Vita Pedrazzi, Contributor
Hashimoto’s Thyroiditis, thyroid disease is a systemic problem. It’s not really so much a problem with the thyroid – more than anything it’s an autoimmune disorder that spans your whole body. That’s why if I want to treat my Hashimoto’s Thyroiditis, I must look at my body holistically: I must heal body, soul, and mind all at the same time.
Around 20% of Hashimoto’s cases can go away on their own (or be put into remission). Even more so if people actively try to heal themselves. I simply can’t believe that nobody talks about it apart from Izabella Wentz in her wonderful book “Hashimoto’s Thyroiditis: Lifestyle Interventions for Finding and Treating the Root Cause” (it’s a must if you have Hashimoto’s thyroid disease). Mind you, doctors openly say that it’s incurable and you’ll be dependent on drugs all your life, plus your thyroid will eventually stop – BS! Thanks for great motivation! And thanks for completely knocking out any kind of feeling of control out of people’s hearts!
I prefer to look at Hashimoto’s Thyroiditis or thyroid disease as an inflammation of the whole body. If I cool it down, it will go away and let me live my life. It’s doable. Lots of people have done it. There are lots of documented cases. Let’s do it!
My 3-Prong Healing Strategy for Hashimoto’s Thyroid Disease
My thyroid disease healing strategy is based on three different areas:
- Improving the FT4 to FT3 conversion (that’s the real reason for my fatigue and hypothyroid symptoms)
- Reducing inflammation mostly by reducing stress (or the stress hormone cortisol),
- Improving my digestion.
All of the things I’m doing to heal my thyroid are going to also be helpful for you if you have plain hypothyroidism without autoimmunity or if you have any other autoimmune disorder. No matter what kind of symptoms you have, the root cause is more similar than it might seem and all the steps I’m taking might be very useful for you.
So what exactly am I doing to heal my Hashimoto’s Thyroid Disease and Hypothyroidism?
After months of researching since my thyroid disease diagnosis, I’ve decided on a few different weapons to heal my body, soul, and mind. Let me take you through them one by one.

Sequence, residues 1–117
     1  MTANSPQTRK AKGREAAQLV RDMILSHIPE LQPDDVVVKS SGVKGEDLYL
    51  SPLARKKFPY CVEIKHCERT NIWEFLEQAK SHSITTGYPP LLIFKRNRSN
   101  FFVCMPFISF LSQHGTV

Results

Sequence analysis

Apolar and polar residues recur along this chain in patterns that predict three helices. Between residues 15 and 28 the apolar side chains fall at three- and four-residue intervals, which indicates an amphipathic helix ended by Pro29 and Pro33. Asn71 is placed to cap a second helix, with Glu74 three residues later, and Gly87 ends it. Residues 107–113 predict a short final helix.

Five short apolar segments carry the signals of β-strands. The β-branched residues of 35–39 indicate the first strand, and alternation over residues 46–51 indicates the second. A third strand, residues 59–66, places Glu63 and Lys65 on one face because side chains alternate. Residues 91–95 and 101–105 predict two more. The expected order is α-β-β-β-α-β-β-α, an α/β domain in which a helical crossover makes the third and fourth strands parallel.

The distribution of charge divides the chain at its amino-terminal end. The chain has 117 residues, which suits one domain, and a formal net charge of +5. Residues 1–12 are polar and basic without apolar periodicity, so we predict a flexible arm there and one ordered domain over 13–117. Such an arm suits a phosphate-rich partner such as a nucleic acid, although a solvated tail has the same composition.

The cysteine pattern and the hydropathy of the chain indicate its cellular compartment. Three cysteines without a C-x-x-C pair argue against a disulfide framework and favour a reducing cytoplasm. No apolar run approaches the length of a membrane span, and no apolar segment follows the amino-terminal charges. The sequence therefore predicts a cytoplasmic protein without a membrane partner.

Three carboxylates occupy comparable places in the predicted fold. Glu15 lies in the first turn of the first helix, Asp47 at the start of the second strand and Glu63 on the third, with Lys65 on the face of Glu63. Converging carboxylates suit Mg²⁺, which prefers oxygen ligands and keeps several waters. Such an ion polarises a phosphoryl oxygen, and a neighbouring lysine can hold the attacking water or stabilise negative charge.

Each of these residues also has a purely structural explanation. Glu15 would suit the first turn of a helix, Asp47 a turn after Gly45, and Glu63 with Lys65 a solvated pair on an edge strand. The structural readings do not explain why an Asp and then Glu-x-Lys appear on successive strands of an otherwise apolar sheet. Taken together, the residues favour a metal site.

- Balancing my sex hormones. A blood test showed that I’m slightly estrogen dominant with perfect levels of progesterone, but slightly elevated levels of estrogen (not surprising considering that I took birth control pills for 10 years and that my mom has always been estrogen dominant as well). I’m combatting estrogen dominance with 100mg of DIM per day (I’m using this one, but this one is really good, too) – it’s a supplement that helps the body convert a dangerous form of estrogen to a harmless one (or a very available form to a less available form). Estrogen dominance interferes with the FT4 to FT3 conversion, that’s why it’s part of my thyroid healing action plan. It also happens to be one of the most powerful skin clearing tools – I can attest it’s working because my skin is crystal clear after taking it for around 3 weeks! Woohoo! I first heard about it from Tracey at The Love Vitamin and got intrigued. However, she uses a very expensive brand, which I don’t think is necessary.
- Selenium supplementation – it plays a pivotal role in the FT4 to FT3 conversion, which is my main concern. I take 200 micrograms of selenomethionine or simply eat 3 Brazil nuts a day.
- Zinc supplementation –zinc, jut like selenium, also plays a huge role in the FT3 to FT3 conversion. Birth control pill depletes zinc. Anyone with skin issues is zinc deficient. Anyone with low stomach acid is zinc deficient. That sounds like me! I take 25mg of chelated zinc most days. I also eat a good amount of beef or lamb and seafood, which are the best natural sources of zinc.